Behind the Beef Wellington

The Beef Wellington is one of the rewards in our recently launched Foodie Club. Learn more about the story behind this classic dish and get some tips from My Food Bag chef Ella ‘Katsu’, a real whizz when it comes to making this foodie favourite.

beef wellington

When it comes to culinary icons, the Beef Wellington has star status. Tender, juicy beef covered with savoury mushroom duxelle and wrapped in golden, flaky puff pastry – what’s not to like?

Most famous dishes have an interesting backstory, and the Beef Wellington is no different. Although it’s difficult to pinpoint its exact origin, there are a few theories that have surfaced throughout the years.

Legend has it (and most agree) that the dish was created in celebration of Arthur Wellesley – the first Duke of Wellington – following his victory at the Battle of Waterloo on 18 June 1815. He was bestowed the title after defeating Napoleon Bonaparte the year before and served as Prime Minister of the UK a few years later.

However, wrapping meat in pastry has been a culinary technique for centuries around the globe. In Greece, flour and water was made into a paste and wrapped around meat to seal it before cooking, while the beloved Cornish Pasty has been around since as early as the 14th century.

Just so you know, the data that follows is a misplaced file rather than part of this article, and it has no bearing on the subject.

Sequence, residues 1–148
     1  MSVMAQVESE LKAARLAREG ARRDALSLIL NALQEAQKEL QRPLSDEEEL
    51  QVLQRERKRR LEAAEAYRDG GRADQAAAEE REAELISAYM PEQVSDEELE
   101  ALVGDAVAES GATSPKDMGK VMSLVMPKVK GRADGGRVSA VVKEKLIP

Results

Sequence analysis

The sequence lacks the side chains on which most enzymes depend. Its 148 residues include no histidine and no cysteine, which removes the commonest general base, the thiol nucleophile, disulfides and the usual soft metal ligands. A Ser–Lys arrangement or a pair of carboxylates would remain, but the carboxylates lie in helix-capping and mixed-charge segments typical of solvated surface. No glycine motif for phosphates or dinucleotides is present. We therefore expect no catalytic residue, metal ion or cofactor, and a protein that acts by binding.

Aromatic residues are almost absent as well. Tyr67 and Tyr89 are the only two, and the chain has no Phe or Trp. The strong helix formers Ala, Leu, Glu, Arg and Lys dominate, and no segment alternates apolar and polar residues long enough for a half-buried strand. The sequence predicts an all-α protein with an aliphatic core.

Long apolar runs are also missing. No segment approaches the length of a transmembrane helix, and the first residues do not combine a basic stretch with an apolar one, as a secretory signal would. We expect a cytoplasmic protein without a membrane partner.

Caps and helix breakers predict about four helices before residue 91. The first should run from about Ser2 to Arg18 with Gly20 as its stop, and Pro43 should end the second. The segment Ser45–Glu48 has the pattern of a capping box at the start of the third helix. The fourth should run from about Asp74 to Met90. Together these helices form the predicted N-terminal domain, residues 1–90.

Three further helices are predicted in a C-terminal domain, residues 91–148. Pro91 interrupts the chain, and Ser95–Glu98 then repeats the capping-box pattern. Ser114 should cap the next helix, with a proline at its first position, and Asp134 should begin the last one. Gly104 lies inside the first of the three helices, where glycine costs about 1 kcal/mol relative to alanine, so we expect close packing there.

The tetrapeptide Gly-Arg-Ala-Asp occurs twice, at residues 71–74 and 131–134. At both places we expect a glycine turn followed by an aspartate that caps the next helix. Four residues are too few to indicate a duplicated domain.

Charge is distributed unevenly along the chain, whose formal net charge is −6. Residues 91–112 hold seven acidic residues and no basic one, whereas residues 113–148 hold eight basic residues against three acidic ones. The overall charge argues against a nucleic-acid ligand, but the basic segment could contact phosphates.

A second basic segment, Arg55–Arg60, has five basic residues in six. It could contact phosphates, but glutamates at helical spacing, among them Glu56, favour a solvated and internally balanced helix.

A traditional Beef Wellington most closely resembles the French filet de boeuf, hence one theory that says the dish’s name was changed after the Battle of Waterloo rather than it being created especially for the Duke.

Today, there are many variations of this beloved pastry dish, including delicious versions for plant-based foodies (like My Food Bag’s famous Portobello Mushroom Wellington!).

mushroom wellington
My Food Bag’s Plant-Based Portobello Mushroom Wellington – a firm favourite with foodies!

My Food Bag chef Ella ‘Katsu’ is a Beef Wellington whizz, having made this foodie favourite hundreds of times. (Yes, you read that right.)

“It’s the ultimate treat food and the dish is sure to impress whoever you cook it for. There’s a certain amount of theatre to it as well because you don’t know how well you’ve cooked it until you cut it open!” says Ella.

Here are her top tips to keep in mind when making Beef Wellington:

  • Make sure your beef is at room temperature when you cook it. This will help the meat to cook evenly.
  • Sear and rest the meat before wrapping it in the pastry to ensure the juices stay in the meat and don’t make the pastry soggy.
  • Seal the pastry carefully and evenly to avoid air pockets and to help with even cooking.
  • Preheat your baking sheet so your Beef Wellington’s base is lovely and crisp.
  • Don’t be shy when slicing! Go for nice, thick slices (about 2.5cm) as thin ones won’t do the dish justice.
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